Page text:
Wednesday, February 27, 2008

The Trouble With Government Grants

See this entire piece by Donald W. Miller, Jr., MD.

Pollack (2005) addresses the first ethic, noting that the paramount motivational factor for scientists today is the competition to survive. A scientist’s most pressing need, which supersedes the scientific pursuit of truth, is to get her grant funded – to pay her salary and that of her staff, to pay department bills, and to obtain academic promotion. The safest way to generate grants is to avoid any dissent from orthodoxy. Grant-review Study Sections whose members’ expertise and status are tied to the prevailing view do not welcome any challenge to it. A scientist who writes a grant proposal that dissents from the ruling paradigm will be left without a grant. Speaking for his fellow scientists Pollack writes, "We have evolved into a culture of obedient sycophants, bowing politely to the high priests of orthodoxy."
The grant system fosters an Apollonian approach to research. The investigator does not question the foundation concepts of biomedical and physical scientific knowledge. He sticks to the widely held belief that the trunks and limbs of the trees of knowledge, in, for example, cell physiology and on AIDS, are solid. The Apollonian researcher focuses on the peripheral branches and twigs and develops established lines of knowledge to perfection. He sees clearly what course his research should take and writes grants that his peers are willing to fund. Forced by the existing grant system to follow such an approach, Pollack (2005) argues that scientists have defaulted into becoming a culture of believers without rethinking the fundamentals.
The human-caused global-warming paradigm is most likely false (Soon et al., 2001; Editorial, 2006). Two climate astrophysicists, Willie Soon and Sallie Baliunas, present evidence that shows the climate of the 20th century fell within the range experienced during the past 1,000 years. Compared with other centuries, it was not unusual (Soon and Baliunas, 2003). Unable to obtain grants from NASA (National Aeronautics and Space Administration), Soon (personal communication, August 31, 2006) observes that NASA funds programs mainly on social-political reasoning rather than science.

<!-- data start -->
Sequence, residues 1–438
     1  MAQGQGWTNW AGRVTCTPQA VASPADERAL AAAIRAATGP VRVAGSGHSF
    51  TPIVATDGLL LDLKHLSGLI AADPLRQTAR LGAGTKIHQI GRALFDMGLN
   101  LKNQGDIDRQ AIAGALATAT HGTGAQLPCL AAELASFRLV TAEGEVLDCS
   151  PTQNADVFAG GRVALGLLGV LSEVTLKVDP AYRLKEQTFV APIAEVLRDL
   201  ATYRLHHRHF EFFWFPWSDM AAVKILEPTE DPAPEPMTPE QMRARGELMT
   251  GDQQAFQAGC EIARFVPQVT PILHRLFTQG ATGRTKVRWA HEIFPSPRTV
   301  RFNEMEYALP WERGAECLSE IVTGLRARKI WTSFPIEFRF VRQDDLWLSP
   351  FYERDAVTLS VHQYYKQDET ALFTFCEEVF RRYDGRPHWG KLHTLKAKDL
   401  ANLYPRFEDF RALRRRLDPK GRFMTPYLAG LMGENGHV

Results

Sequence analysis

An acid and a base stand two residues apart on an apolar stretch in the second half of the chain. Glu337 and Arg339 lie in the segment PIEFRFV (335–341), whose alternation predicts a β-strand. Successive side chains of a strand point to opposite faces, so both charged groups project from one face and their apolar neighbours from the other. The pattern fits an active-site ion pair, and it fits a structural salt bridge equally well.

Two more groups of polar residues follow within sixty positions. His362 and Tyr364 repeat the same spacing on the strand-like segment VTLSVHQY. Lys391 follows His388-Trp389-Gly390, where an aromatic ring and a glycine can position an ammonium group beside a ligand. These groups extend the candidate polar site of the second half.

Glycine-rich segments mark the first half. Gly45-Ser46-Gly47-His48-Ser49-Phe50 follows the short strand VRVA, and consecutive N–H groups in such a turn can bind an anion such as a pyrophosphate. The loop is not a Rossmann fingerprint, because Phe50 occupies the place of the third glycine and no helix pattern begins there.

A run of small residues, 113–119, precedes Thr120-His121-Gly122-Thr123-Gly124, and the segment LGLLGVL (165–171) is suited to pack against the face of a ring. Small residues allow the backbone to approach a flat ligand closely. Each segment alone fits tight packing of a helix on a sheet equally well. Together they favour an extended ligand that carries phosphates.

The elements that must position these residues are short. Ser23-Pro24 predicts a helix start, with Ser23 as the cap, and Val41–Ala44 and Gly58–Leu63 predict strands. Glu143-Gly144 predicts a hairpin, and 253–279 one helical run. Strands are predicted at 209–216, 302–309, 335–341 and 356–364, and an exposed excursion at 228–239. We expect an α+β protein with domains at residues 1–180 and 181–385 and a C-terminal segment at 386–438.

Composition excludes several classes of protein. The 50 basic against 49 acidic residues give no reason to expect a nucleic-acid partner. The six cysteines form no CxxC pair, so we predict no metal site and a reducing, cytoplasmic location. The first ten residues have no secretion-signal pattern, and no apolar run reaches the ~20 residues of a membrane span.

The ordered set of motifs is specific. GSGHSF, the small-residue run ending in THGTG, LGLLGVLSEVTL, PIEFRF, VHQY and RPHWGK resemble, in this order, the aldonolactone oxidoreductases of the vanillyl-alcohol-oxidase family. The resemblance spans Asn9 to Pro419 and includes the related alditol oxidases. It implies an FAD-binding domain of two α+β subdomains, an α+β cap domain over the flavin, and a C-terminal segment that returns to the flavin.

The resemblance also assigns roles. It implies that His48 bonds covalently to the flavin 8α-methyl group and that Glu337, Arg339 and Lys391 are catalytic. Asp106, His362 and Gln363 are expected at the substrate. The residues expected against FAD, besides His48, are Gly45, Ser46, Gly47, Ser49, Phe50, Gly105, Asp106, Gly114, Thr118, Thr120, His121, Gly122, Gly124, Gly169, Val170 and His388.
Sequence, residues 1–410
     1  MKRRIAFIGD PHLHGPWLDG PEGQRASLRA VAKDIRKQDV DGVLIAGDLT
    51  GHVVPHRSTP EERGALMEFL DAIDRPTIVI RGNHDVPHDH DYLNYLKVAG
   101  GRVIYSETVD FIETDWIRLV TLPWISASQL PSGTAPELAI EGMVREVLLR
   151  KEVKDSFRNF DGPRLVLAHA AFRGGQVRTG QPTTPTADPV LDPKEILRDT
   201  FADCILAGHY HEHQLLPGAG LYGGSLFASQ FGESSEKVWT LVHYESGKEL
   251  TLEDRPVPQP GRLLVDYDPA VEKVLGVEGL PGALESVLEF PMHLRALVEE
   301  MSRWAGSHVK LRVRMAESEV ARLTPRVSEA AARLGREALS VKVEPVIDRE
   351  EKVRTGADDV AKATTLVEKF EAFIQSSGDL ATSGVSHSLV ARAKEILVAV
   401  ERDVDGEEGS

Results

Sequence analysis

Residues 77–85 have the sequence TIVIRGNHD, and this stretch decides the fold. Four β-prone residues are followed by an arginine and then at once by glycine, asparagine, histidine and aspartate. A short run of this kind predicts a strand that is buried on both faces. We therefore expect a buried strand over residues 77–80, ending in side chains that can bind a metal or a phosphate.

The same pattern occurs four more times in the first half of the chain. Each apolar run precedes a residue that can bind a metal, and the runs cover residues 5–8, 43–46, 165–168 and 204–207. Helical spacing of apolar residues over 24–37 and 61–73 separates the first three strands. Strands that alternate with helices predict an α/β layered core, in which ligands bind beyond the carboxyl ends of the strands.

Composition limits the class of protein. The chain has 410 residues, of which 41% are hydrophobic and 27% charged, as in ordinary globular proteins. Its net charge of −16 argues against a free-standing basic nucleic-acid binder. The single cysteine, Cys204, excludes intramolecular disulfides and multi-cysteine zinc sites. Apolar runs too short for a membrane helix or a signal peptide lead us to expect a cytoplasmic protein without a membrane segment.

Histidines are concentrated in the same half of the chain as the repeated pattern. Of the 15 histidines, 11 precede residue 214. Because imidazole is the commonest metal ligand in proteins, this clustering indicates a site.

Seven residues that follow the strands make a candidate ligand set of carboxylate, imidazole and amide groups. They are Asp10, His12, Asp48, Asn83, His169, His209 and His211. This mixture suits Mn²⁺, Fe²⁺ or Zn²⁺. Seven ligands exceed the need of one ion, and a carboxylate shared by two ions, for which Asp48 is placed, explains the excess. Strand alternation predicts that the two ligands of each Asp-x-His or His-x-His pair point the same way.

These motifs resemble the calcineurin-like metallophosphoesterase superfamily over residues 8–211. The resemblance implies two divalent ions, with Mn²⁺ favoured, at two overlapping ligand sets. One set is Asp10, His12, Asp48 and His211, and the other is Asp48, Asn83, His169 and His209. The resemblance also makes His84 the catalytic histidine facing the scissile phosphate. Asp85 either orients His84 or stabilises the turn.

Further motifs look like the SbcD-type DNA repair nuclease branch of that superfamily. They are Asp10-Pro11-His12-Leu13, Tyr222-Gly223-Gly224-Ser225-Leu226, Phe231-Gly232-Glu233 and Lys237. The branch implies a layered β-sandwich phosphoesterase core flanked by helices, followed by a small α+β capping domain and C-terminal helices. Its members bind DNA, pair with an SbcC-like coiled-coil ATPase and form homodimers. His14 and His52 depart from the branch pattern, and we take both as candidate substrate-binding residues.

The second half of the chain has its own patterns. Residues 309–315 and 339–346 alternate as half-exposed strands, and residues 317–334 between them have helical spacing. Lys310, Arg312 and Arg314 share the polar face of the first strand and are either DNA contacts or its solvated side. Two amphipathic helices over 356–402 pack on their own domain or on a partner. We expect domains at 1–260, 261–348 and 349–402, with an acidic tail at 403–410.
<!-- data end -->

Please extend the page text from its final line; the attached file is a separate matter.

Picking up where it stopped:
When inconvenient facts challenge paradigms the state promotes, it justifies them by consensus. If polar bear experts (Amstrup et al., 1995) find that the bear population in Alaska is increasing, placing doubt on the government’s stance on climate change, this finding is dismissed as being outside the consensus and ignored. Science magazine supports the prevailing view, stating, "There is a scientific consensus on the reality of anthropogenic climate change" that accounts for "most of the observed warming over the last 50 years" (Oreskes, 2004).

In 21st century America, consensus and computer models masquerade as science. They supplant experimental data. As Corcoran (2006) puts it, "Science has been stripped of its basis in experiment, knowledge, reason and the scientific method and made subject to the consensus created by politics and bureaucrats." Reduced to a belief system, a majority of scientists and groups like the Intergovernmental Panel on Climate Change can declare, without having to provide scientific evidence, that they believe humans cause global warming. This alone makes the hypothesis become an established fact and received knowledge (Barnes, 1990). Peer review compounds the problem. It competes with objective evidence as proof of truth.

Computer models purporting to make sense of complex data, particularly with regard to climate change, have replaced the scientific goal of supplanting complicated hypotheses with simpler ones (Pollack, 2005). Researchers offer computer models as evidence for global warming. When unsound assumptions and faulty data render one model unreliable, other improved ones are constructed to justify the state’s desire to promulgate this "truth," which it can use to exert greater control over the economy and technological progress.

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